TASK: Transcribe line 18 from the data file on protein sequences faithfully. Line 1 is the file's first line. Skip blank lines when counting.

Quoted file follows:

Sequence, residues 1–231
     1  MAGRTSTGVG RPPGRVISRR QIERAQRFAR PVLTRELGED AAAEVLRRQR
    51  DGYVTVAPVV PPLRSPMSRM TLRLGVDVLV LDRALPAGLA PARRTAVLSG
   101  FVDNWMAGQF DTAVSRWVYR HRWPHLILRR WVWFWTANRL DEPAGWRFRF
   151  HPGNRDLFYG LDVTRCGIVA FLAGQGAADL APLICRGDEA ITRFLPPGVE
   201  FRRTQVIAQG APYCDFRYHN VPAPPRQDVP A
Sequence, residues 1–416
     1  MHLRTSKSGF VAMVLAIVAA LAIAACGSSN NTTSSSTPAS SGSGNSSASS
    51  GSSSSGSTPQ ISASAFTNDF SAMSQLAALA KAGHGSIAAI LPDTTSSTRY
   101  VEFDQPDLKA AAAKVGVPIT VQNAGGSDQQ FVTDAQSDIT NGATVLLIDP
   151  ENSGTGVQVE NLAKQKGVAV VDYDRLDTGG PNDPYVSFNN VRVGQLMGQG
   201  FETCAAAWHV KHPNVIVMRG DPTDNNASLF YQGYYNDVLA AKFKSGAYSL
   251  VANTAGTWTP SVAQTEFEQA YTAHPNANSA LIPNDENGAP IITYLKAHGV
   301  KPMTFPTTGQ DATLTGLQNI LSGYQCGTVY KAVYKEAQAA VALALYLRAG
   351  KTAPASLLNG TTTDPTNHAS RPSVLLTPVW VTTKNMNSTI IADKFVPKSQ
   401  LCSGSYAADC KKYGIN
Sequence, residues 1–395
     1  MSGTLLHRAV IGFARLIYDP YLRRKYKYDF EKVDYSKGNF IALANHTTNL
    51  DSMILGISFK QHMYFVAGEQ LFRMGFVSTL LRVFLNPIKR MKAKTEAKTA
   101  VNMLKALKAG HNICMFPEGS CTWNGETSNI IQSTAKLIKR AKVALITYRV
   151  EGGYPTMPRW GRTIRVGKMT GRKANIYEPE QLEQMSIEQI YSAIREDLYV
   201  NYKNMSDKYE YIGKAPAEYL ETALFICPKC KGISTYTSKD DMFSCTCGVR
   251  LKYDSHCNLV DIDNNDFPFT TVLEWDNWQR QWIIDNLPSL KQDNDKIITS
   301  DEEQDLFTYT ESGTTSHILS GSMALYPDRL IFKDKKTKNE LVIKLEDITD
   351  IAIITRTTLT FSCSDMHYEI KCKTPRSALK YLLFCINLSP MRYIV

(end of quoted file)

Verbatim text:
     1  MSGTLLHRAV IGFARLIYDP YLRRKYKYDF EKVDYSKGNF IALANHTTNL